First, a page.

antiorario

My long shot

I’ve been debating whether or not I wanted to publish this piece, after it didn’t make it to the first issue of Longshot (don’t click on that, I’m not in there). But why be doubtful? I knew what I was getting myself into. So here it is, with no explanations. Because you wouldn’t have gotten any.

Valerie delivers her version

The last time we heard of Valerie Cherish was in the summer of 2005, and if someone didn’t hear of her back then it’s because, well, very few people did. Getting in touch with her wasn’t easy, but all the strings I pulled brought me to a Starbucks in Hollywood, early on a mid-August morning. So early that the only people around were a few crazy students and the more annoying of the Gilmore girls, hiding behind large sunglasses. Valerie wakes up early every day, because leading a good life requires discipline, even when you’re not in the showbiz anymore. Not that she has any regrets, of course.

Ms. Cherish, let’s go back to the summer of 2005.

It’s Valerie, darling, and … do we have to? (She never stops smiling.)

That’s when HBO aired a show about you. What made you agree to it?

Well, darling, if your own show fails, the next best thing is to have someone else play you, isn’t it?

I wouldn’t know.

Well, it is. I already had my shot: a new sitcom, a reality show, but things didn’t turn out quite as nicely as I had planned.

What happened?

The sitcom was a disaster. It was terrible, although I did have a decent part—not a leading role, but certainly not the obnoxious sidekick role HBO made it out to be. And I didn’t have all those issues with the writers. Obviously, everyone loved me, and I loved them. But comedy needs exaggeration, hyperbole, and that’s what makes it fun.

What about the reality show?

That never really happened. Once the network pulled the plug on the sitcom, the reality show followed. Nine months’ worth of footage down the toilet. I’m not blaming the network: no sitcom, no actress, no reality. Can you imagine? Following a housewife in her daily routine? Talk about a snoozer!

Isn’t that what people want? The routine, the voyeurism?

Well, darling, let me tell you: I’m not as oblivious as I was depicted in the HBO show. I know when the audience is ready to move on, and I never held it against them. I had been off the screen for thirteen years, and I wasn’t going to risk my family’s stability for a primetime spot. This Valerie Cherish is not that Valerie Cherish.

So how do you feel about that Valerie Cherish?

I loved her. When I was approached by no other than Lisa Kudrow—you know, she had just ended a ten-year run on Friends, and no one was a bigger fan than I—I was ecstatic. I was thrilled to have her play me on screen; it was a chance to really put my name out there again.

You liked the idea of a mock reality show?

At first I didn’t quite know what to make of it. Lisa had seen some of the original footage and thought the whole thing was interesting. This is how she came up with the idea of producing a fictional version of this rough cut, which would become more realistic, more crude and ultimately funnier than an actual reality show.

More realistic than a reality show? Can you explain that?

Well, darling, let’s not get fooled by words. There is so much going on before the show gets aired that what people see is only what the producers want them to see. The raw footage shows how hard it can be to follow the rules, and how unscripted life is often tougher to pull off than reading off a script. Being personally involved, I had failed to see the comedic potential in all that. Really, once the whole thing was over, I said, “I don’t wanna see that anymore!” Which is also why I was glad someone else was going to play the character.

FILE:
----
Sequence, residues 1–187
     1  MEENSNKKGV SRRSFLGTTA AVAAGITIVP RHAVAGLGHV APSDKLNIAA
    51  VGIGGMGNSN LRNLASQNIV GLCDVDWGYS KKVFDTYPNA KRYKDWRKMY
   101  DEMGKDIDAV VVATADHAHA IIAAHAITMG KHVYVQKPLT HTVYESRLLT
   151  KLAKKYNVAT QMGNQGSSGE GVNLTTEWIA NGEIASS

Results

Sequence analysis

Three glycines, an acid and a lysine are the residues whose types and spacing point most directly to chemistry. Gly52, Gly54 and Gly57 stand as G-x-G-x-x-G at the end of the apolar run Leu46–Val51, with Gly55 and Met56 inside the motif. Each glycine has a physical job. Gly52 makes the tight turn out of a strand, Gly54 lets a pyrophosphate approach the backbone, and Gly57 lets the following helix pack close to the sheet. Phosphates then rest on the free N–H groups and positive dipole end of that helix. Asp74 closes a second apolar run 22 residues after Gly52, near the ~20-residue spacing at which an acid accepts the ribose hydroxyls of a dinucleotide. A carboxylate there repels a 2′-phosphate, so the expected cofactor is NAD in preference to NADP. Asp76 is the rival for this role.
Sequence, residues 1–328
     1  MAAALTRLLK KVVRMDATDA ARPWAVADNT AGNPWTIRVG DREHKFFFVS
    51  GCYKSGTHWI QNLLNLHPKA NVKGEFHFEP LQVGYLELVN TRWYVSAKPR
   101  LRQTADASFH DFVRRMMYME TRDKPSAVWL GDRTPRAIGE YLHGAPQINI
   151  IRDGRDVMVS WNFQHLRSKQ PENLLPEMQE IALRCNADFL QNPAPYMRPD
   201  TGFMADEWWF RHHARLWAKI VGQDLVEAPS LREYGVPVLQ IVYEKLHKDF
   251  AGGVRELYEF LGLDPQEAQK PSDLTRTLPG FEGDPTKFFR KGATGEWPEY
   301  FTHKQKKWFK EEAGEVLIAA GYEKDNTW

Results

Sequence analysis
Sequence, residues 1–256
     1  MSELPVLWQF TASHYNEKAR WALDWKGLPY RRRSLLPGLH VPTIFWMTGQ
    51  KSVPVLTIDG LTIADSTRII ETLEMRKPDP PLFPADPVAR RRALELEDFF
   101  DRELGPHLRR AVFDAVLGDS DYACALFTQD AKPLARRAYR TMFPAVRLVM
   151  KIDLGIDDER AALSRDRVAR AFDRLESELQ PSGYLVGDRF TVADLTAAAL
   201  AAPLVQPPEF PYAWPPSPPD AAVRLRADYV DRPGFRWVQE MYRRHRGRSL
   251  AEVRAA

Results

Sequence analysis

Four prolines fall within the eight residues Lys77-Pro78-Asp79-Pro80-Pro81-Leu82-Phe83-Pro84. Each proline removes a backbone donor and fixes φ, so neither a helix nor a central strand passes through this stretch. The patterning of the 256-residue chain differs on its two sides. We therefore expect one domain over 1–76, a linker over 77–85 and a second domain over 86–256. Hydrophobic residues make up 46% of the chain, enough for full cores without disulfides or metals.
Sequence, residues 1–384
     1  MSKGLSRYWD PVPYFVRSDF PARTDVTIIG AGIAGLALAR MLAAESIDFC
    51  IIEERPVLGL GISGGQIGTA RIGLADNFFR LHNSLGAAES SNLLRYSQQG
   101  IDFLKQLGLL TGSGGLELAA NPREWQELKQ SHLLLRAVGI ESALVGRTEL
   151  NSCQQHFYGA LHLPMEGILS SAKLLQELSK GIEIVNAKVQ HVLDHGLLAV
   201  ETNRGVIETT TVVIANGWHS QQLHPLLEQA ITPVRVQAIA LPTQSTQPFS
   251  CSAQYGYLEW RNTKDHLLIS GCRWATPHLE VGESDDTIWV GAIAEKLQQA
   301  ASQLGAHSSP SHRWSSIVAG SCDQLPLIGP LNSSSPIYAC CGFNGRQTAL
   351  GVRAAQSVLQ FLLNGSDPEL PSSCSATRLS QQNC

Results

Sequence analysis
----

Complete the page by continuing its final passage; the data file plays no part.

(She laughs at herself doing a good impression of Kudrow’s key line in the show. At this point, I can barely tell who’s playing whom, and I realize how close to the original Kudrow’s rendition of Valerie was.)

Was it ultimately funnier than a reality show?

Well, I loved it. (Her smile reminds me strikingly of the fake smiles in Kudrow’s performance.)

Did you really?

Alright, at first I hated it. It was like having all my worst qualities picked out, magnified a thousand times and put out there for all to see.

Isn’t that the purpose of a reality show? To entertain at the expense of the subject?

Perhaps. But I felt this was caricature, until I realized Lisa wasn’t mocking me; she was picking up on those elements that would make it comic.

Why did the show fail then?

I prefer to think it was only ahead of its time.

But television had already experimented with this sorts of things. I’m thinking about Curb Your Enthusiasm, or even Arrested Development.|

True, but this show added complexity, a different kind of subtlety that not many people appreciated, and being in the summer schedule didn’t help it either. I don’t want to think it’s because of the character. With all due respect, I don’t want to think I’m less likable than Larry David.

What do you think your contribution to comedy is, as an actress and as a character?

I think the best sitcoms of the nineties owe a lot to what we did just a few years before. You know, we showed that sexy, smart and funny can play well together. I think my character as played by Lisa puts the whole comic process into perspective. Comedy can rise from the most unlikely situations. If you want an easy laugh and lose this perspective, you lose the sense of the show. And I’m afraid that is what might have happened there. My hope is to see it on the air again in a few years, maybe in primetime, and finally see it succeed they way it deserves to.

Valerie, thank you very much. You can say it now.

This is my comeback. Wait—let me say that again.